Everybody is familiar with this routine: your alarm goes off. You wake up and reach for your phone. You check your messages, your social media, the news sites and it’s all the same thing – one bad news after the other. 2020 has been a year of unprecedented disasters and calamities.

When constantly surrounded by bad news, there’s two ways people respond: they either completely ignore it and go absent on social media or they get deeper in looking at negative news – the coronavirus cases, the scrambling economy, schools and businesses being shut down.
Scientists have called this “doomscrolling.” It’s a scenario where people scroll through a slew of negativity on social media, endlessly. Such incessant consumption of bad news is adversely affecting people’s mental health.

Doomscrolling is a sure way of trapping ourselves into a vicious cycle of negativity that fuels our anxiety.

Dr. Amelia Aldao

It’s a very passive way of engaging with content – all you have to do is scroll and let the cascading bad news do its job of causing you despair.

Mental health experts warn that as humans, we are not built to function or deal with such constant bombardment of stress every day. It’s important to disengage from these stimulants and work on healthier alternatives. But with social media and its addictive nature, breaking from doomscrolling can seem a bit difficult. 

What Is Doomscrolling, Exactly?

According to Merriam-Webster, doomscrolling is characterized as a tendency of a person to consume incessant amounts of negativity even though it causes feelings of stress, depression, and anxiety.

Previous research has already demonstrated that there’s a strong link between depression and social media. People who spend more time on Twitter or Instagram tend to be more depressed or socially anxious. The current pandemic has exacerbated this phenomenon. Now wherever we turn, we’re faced with bad news.

As human beings, we’re hardwired to look for information – negative information in particular. From an evolutionary perspective, it’s a way of sensing out danger and keeping it from harming us.
But there’s a bit of good news about the bad news habit that everybody seems to have. It’s difficult to disengage, but not impossible. TABIIB lists out 3 simple ways you can lessen your time doomscrolling and get some mental peace back.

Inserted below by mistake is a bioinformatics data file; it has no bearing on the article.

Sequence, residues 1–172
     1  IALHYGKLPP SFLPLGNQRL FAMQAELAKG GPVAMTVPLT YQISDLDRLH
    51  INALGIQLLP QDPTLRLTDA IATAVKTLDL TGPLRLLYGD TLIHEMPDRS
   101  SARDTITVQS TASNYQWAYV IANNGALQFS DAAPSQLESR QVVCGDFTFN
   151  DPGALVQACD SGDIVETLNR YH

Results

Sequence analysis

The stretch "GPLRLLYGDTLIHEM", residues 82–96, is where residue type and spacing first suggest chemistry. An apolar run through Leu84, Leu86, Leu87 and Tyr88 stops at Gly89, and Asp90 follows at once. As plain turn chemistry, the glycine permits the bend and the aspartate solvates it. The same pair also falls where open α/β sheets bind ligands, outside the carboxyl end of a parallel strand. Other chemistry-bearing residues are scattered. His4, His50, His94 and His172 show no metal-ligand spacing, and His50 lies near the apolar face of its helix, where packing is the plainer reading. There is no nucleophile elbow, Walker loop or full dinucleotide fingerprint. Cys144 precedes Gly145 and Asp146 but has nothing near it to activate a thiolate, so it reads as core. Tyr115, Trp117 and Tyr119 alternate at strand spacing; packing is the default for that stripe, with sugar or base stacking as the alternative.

1. Set a timer

The first step is to acknowledge that doomscrolling is a problem. The second step is to create a realistic plan and stick to it until it becomes a habit.

If you have trouble managing the time you spend on social media, setting a timer for 15-20 minutes can help you reel it back. The best way to resist information overload is to limit how much time you spend consuming it.

Schedule time for daily, mundane tasks such as walking the dog, reading a book, cleaning, etc. Dividing time into chunks with reminders can help you break out of the never-ending practice of scrolling through social media. It’s also a good idea to skip social media for a day and indulge in a digital detox.

2. Introspect and meditate

Exercises that promote mindfulness and introspection go a long way in helping you deal with stress and anxiety. Doomscrolling is a passive and mindless task. Actively breaking away from the habit can force you to be mentally present and mindful.

Take some time to look back on your day and introspect. This doesn’t have to be a time-consuming activity. In fact, allowing your mind to drift while you’re washing the dishes or taking a walk is very helpful. Your body is physically active and your mind is engaged.

3. Replace doomscrolling with another activity

This one seems fairly obvious but it is pretty effective. If you don’t have your phone with you all the time, then it becomes easy to resist the temptation of checking for updates. Try to cultivate hobbies which can help you keep your mind busy and engaged.


It’s up to us to snap out of terrible habits. It’s difficult but not impossible. Taking care of one’s mental health should always be a priority, especially in these trying times. If you’re looking for professional help, you can consult a doctor on TABIIB.

Read more about how you can manage stress and anxiety here and here.

I am a writer, covering the sprawling expanse of healthcare, among many other things that I love writing on. I write on healthcare because I want to do my part in informing people about the health industry, When I am not blogging about research and medicine, I enjoy reading, playing squash and backpacking around the world.

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